I've known about Lee Daniels' The Butler for quite some time now. I remember seeing the trailer for it while in the theater and it looked very promising. But I never saw it until now. It's based on the true story of Eugene Allen who died in 2010. He worked at the White House for many years eventually becoming the butler to the President. In the movie, the protagonist Cecil Gaines is just based on the life of Eugene Allen. I prefer when historical movies do this instead of the other way around. Every film is going to ignore historically accuracy in some way, and it's better when the actual characters are fictional.
The plot begins with the early life of Cecil Gaines. As a boy, he worked on a cotton farm in Georgia. While the horrid days of slavery are over, 1926 is a not good era for African-Americans. His father is murdered and the racism of the South prevents his killer from seeing justice. He eventually works as a house servant, but feels like Georgia is no place for him to be. He learns the struggles of reality which is harder on his people than any other in the country. He eventually finds some luck and gets a nice job at a luxurious hotel. He also gets married to a woman named Gloria, and the couple have two sons together.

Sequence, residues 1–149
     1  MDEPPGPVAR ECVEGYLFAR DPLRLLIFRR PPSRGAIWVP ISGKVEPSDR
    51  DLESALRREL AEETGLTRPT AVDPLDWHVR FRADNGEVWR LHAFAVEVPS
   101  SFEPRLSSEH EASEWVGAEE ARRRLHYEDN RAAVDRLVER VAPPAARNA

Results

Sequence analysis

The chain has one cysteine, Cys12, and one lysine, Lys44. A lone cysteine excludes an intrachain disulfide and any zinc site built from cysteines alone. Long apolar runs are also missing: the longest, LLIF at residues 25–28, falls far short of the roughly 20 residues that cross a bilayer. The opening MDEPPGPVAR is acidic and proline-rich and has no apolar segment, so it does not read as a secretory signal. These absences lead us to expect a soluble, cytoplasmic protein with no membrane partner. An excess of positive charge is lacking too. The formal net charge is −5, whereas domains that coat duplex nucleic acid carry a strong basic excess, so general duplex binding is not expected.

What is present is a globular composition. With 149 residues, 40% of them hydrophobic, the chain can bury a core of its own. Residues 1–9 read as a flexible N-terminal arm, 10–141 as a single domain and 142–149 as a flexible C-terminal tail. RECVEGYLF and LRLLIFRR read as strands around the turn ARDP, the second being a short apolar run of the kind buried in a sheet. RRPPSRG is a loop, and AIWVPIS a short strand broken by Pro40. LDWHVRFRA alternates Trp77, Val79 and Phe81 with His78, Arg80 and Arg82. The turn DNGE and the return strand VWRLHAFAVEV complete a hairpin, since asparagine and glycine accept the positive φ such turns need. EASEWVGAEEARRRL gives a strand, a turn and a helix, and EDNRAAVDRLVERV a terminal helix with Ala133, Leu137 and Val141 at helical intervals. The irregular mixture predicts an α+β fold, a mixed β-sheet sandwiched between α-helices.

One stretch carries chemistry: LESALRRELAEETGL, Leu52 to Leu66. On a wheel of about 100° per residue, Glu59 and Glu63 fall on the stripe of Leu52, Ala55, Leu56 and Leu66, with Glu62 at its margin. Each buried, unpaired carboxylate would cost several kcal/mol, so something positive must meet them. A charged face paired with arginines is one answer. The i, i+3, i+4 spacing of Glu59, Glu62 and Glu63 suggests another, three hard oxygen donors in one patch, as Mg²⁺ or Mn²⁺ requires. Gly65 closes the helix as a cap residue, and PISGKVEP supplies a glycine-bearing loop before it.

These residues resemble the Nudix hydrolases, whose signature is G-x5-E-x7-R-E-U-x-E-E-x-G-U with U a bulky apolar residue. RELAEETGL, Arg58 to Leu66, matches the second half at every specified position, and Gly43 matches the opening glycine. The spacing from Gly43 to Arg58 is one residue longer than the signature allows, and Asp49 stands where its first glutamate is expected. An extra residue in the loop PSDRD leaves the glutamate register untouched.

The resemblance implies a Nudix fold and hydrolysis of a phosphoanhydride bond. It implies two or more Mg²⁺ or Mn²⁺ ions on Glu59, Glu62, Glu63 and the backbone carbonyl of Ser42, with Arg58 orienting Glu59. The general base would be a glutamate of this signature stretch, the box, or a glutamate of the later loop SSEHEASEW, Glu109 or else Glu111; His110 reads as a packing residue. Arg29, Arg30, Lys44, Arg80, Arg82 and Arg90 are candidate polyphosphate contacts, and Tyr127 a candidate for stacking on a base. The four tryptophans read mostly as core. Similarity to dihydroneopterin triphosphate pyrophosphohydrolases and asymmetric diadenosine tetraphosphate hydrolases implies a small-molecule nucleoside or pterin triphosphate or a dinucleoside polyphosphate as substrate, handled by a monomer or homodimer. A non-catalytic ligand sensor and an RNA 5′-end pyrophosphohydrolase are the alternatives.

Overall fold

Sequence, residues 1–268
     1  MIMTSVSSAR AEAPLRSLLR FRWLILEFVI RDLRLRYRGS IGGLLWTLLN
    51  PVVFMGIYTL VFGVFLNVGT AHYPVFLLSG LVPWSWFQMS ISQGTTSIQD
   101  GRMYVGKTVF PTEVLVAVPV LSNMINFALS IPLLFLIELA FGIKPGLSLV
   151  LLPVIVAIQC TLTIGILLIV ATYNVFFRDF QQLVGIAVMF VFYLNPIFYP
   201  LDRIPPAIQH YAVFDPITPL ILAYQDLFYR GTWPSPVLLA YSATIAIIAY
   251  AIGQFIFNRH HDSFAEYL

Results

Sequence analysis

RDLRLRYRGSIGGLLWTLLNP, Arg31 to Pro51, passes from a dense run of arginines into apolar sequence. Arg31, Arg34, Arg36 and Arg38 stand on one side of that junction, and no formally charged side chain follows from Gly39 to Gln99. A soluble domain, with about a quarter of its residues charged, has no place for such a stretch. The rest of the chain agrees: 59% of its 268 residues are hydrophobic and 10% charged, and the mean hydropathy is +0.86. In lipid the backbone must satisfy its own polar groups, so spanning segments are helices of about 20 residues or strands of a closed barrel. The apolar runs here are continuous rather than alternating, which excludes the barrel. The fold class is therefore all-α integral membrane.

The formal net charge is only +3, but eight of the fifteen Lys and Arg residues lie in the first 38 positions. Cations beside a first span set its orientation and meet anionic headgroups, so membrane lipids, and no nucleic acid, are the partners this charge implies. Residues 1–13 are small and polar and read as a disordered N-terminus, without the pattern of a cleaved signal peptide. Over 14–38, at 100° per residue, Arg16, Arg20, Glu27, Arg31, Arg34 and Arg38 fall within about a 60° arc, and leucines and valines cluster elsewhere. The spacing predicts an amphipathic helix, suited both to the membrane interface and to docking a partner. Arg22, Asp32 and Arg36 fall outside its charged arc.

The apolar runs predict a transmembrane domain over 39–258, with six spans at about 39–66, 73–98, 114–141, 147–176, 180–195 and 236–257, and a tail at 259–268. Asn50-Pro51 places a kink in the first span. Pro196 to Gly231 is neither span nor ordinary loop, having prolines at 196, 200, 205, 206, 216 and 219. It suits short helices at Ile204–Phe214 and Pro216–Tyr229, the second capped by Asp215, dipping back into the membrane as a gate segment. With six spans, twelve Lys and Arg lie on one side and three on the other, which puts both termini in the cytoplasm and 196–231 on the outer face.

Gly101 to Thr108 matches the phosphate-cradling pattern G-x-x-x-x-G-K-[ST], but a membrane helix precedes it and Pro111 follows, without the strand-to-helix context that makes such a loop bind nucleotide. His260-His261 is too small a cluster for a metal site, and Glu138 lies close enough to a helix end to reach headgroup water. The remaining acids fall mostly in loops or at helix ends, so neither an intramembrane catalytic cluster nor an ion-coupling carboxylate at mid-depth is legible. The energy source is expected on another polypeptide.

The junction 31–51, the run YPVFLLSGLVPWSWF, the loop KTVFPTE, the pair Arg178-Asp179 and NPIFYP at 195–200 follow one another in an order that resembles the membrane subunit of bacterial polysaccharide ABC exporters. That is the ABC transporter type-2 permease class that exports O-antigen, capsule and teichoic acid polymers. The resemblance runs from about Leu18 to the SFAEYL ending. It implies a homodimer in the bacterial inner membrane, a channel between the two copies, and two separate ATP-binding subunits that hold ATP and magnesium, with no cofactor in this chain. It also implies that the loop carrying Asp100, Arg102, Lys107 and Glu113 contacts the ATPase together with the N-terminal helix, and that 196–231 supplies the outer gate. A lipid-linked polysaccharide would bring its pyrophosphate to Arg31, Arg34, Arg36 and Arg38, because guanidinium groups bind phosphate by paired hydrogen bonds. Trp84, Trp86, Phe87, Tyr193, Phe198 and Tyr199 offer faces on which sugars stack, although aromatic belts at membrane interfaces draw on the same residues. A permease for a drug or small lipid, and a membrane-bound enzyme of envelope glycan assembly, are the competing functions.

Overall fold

He does so well at his hotel that The White House offers him a job without him even asking for it. He accepts but he is nervous about the new job. He doesn't just serve the guests of the White House, he's one of the butlers that serves the President directly. In his duties, the sitting presidents get to know Cecil personally, and he often hears them as they discuss important matters with their advisers. Since there is new president every 4-8 years, he'll get to work directly under every president from Dwight D. Eisenhower to Ronald Reagan. He'll also have to deal with drama in his personal life, like a wife who thinks he works too much, and a son who wants to go to school in a racist state like Tennessee and gets politically active down there.
The Butler was basically just as I had expected it to be, an excellent movie that makes us remember times where America was not so great to its own citizens. The scene where they have the diner sit-in protest is very dramatic and makes you wonder how people could be so downright evil not that many decades ago. I also liked seeing actors I knew take the role of famous modern presidents. I didn't think Robin Williams looked much like Eisenhower, nor did John Cusack have a similar face to Richard Nixon. Alan Rickman (not surprisingly) was the best of all of them, as you could swear he was the real Ronald Reagan. I'm shocked that The Butler won very little awards, and zero Oscar nominations, it deserved much more even though 2013 was a good year for movies.